On cross-examination, both petitioners testified that they had never been arrested, detained, or physically abused in El Salvador. Both had family remaining there, and neither family had been threatened (except for Mr. Valle's stepfather, who remained in hiding). Mr. Valle corroborated his wife's testimony about the three murdered women. The Service presented no evidence, other than a form letter from the State Department's Bureau of Human Rights and Humanitarian Affairs which stated that the "applicant" in the singular (presumably, Valle) had not shown a well-founded fear of persecution.

Judge Nail found both aliens deportable to El Salvador, denied both asylum and withholding of deportation as to each petitioner, and granted voluntary departure. Both petitioners appealed to the BIA, which reviewed their applications de novo and dismissed the appeals. Petitioners filed a timely petition for review to this court.


This court's review is confined to the decision of the BIA; if the BIA's determination was correct, then any error by the IJ is harmless. Rodriguez-Rivera v. INS, 848 F.2d 998, 1002 (9th Cir. 1988). This court reviews the BIA's decision denying political asylum for abuse of discretion. Bolanos-Hernandez v. INS, 767 F.2d 1277, 1282 n.9 (9th Cir. 1984). However, the BIA's factual findings concerning eligibility for asylum and withholding of deportation are reviewed under the "substantial evidence" standard and will be reversed if the findings are not substantially reasonable. Rodriguez-Rivera at 1001; Bolanos-Hernandez at 1282 n. 8 & 9. Whether the BIA applied the appropriate legal standards is reviewed de novo. Arteaga v. INS, 836 F.2d 1277, 1228 (9th Cir. 1988).

Because both petitioners here conceded deportability, the government's burden is satisfied and they must show entitlement to relief from deportation. Arteaga at 1228. As in Arteaga and Rodriguez-Rivera, the BIA concedes that the Immigration Judge here erroneously applied a single "likelihood of persecution" standard of proof to the petitioners' evidence. In response, the board undertook to correct this error by reviewing the evidence de novo and evaluating it under the standards established by INS v. Cardoza-Fonseca, 480 U.S. 421 (1987).

The BIA began its opinion by quoting the definition of "refugee" found in the Immigration and Naturalization Act, 8 U.S.C. § 1101(a) (42) (A), which requires the applicant to show "persecution or a well-founded fear of persecution on account of race, religion, nationality, membership in a particular social group, or political opinion." It also correctly quoted the Supreme Court's explanation in Cardoza-Fonseca that "there is a significant difference between the section 208(a) and section 243(h) standards for relief, and that an asylum applicant need not show a likelihood of persecution in order to establish eligibility for 208(a) relief."3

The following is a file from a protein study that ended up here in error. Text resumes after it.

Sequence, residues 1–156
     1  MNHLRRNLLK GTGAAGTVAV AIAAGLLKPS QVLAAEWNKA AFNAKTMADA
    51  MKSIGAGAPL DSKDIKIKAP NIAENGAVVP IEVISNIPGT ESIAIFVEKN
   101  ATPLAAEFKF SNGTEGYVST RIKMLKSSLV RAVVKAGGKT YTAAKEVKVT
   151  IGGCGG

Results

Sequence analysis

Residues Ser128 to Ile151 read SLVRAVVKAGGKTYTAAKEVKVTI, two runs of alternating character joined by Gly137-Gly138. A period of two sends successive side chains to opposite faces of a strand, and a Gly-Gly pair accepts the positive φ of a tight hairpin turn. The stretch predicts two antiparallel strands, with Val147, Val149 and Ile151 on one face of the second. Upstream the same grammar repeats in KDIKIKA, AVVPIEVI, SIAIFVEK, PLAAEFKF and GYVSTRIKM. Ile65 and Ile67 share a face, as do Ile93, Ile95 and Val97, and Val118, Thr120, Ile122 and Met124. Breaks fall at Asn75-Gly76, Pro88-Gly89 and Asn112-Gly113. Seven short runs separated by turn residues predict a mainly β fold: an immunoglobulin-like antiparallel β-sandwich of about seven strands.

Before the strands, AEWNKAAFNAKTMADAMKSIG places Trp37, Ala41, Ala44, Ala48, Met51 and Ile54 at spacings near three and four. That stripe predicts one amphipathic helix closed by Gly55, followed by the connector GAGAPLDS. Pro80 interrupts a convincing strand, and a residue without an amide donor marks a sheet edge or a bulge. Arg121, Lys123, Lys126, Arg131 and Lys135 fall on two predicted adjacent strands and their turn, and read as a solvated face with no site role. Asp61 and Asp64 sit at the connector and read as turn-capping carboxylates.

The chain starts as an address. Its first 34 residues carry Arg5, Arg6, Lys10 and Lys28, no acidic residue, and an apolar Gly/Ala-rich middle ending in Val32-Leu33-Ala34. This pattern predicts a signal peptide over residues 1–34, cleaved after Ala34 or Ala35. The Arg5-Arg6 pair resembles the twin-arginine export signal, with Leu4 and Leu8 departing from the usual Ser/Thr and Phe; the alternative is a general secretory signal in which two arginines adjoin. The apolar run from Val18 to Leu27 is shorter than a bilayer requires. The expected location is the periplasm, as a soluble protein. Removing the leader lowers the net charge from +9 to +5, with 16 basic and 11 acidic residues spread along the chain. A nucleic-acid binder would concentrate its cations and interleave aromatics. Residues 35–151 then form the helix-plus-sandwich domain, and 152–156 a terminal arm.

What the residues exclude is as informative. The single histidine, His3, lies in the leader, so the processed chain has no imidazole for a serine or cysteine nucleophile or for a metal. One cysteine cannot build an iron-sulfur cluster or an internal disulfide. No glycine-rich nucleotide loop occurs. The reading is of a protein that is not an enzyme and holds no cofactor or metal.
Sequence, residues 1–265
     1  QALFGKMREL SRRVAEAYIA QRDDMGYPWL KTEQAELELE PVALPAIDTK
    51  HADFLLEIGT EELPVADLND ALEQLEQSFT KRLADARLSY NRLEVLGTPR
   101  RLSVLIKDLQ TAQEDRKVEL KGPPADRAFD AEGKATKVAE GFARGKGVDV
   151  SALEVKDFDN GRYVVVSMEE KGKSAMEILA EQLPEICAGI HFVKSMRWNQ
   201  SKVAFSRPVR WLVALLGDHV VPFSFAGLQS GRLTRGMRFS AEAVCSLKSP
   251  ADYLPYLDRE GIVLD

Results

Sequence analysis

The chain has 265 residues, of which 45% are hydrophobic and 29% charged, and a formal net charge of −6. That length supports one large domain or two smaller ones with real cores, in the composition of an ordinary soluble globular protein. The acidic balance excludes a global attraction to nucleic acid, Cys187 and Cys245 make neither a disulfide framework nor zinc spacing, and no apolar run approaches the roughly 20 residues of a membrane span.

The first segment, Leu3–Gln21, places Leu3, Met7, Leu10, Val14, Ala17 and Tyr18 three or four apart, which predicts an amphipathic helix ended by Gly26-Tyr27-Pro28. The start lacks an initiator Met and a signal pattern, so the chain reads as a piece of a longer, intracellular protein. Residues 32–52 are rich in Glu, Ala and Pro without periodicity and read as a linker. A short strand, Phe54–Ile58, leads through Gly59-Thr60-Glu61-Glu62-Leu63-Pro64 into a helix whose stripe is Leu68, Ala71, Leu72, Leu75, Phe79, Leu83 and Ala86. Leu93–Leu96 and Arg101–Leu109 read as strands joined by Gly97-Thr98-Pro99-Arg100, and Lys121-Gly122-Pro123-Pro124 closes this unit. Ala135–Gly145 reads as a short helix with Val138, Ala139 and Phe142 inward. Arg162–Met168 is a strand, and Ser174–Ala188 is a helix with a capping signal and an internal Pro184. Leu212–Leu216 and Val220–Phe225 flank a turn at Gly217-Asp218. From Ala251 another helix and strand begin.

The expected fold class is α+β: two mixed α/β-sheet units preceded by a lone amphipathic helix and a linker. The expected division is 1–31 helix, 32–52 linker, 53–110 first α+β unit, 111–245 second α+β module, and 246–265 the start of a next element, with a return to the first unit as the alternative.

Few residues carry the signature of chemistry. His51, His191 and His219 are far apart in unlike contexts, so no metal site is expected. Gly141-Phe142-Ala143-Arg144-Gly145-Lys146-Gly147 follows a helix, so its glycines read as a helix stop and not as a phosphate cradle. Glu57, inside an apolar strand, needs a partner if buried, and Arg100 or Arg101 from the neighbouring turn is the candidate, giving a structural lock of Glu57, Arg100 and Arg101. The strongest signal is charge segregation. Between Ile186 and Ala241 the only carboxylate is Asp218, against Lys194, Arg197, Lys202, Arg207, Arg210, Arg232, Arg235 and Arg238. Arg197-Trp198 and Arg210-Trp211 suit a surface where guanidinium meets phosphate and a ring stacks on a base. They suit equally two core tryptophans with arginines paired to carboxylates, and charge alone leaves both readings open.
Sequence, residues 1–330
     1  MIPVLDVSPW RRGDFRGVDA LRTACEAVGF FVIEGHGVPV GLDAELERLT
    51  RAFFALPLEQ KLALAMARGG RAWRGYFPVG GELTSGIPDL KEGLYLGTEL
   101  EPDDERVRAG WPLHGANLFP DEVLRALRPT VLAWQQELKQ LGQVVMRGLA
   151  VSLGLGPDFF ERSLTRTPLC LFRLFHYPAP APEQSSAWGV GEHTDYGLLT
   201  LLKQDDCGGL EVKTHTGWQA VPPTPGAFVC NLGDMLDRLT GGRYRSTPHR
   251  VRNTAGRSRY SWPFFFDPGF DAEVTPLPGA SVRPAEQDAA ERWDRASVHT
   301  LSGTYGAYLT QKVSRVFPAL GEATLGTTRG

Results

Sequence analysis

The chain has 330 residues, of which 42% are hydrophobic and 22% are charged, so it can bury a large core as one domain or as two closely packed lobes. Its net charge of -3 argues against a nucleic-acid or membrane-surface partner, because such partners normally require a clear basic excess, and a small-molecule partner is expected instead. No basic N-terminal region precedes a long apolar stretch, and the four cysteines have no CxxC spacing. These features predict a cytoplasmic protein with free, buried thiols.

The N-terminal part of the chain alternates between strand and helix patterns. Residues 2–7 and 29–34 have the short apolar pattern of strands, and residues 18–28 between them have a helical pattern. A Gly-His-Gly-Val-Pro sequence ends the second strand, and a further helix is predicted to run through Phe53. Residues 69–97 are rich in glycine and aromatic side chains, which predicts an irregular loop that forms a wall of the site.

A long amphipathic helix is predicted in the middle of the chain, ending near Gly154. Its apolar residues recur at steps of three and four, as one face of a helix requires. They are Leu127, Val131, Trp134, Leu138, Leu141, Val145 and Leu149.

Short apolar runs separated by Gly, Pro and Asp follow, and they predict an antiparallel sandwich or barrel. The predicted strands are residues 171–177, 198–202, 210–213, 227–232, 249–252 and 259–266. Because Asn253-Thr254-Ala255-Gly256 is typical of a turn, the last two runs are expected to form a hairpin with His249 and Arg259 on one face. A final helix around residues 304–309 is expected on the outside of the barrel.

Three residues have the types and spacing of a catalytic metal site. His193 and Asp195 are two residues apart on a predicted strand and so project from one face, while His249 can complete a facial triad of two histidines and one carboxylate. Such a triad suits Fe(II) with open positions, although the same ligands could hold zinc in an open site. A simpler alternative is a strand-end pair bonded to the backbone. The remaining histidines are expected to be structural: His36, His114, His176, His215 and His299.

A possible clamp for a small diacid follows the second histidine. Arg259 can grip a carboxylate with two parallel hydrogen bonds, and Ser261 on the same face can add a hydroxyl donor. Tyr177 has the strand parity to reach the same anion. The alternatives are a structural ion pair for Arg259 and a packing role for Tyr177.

However, the BIA chose not to apply the two-pronged "well-founded fear" analysis developed by this Circuit in Cardoza-Fonseca itself, which requires that "(1) the alien have a subjective fear, and (2) that this fear have enough of a basis that it can be considered well-founded." Cardoza-Fonseca v. INS, 767 F.2d 1448, 1453 (9th Cir. 1985), aff'd 480 U.S. 421 (1987). See also Blanco-Comarribas v. INS, 830 F.2d 1039, 1042 (9th Cir. 1987). Instead, the BIA used its own "reasonable person" test, as set forth in Matter of Mogharrabi, Int.Dec. 3028 (BIA, June 12, 1987). This test is problematic, since it ignores the subjective emphasis of Cardoza-Fonseca itself. As we recently stated, "the Board invented a new standard [in Mogharrabi ] that was not responsive to the United States Supreme Court." Montecino v. INS, No. 89-70008, slip op. at 12246 (9th Cir. September 28, 1990). In Montecino, we reversed the BIA's denial of asylum to a Salvadoran ex-soldier who feared guerrilla persecution. We emphasized that

... it is not illegitimate for a test of "reasonableness' to enter into the trier of fact's appreciation of the alien's state of mind. But what is an objective circumstance must be determined in the political, social, and cultural milieu of the place where the petitioner lived.... Attention to the objective circumstance, in any event, should not swallow up the primary focus ... on the subjective state of mind of the petitioner. INS v. Cardoza-Fonseca, 480 U.S. 421, 431 (1987).

Belief is subjective. Fear is subjective. The trier of fact is to determine what this particular petitioner believed and feared in the light of objective circumstances the petitioner encountered.

Id. at 12245. In another recent opinion, we held that Mogharrabi is not necessarily "inconsistent" with Cardoza-Fonseca, but cautioned: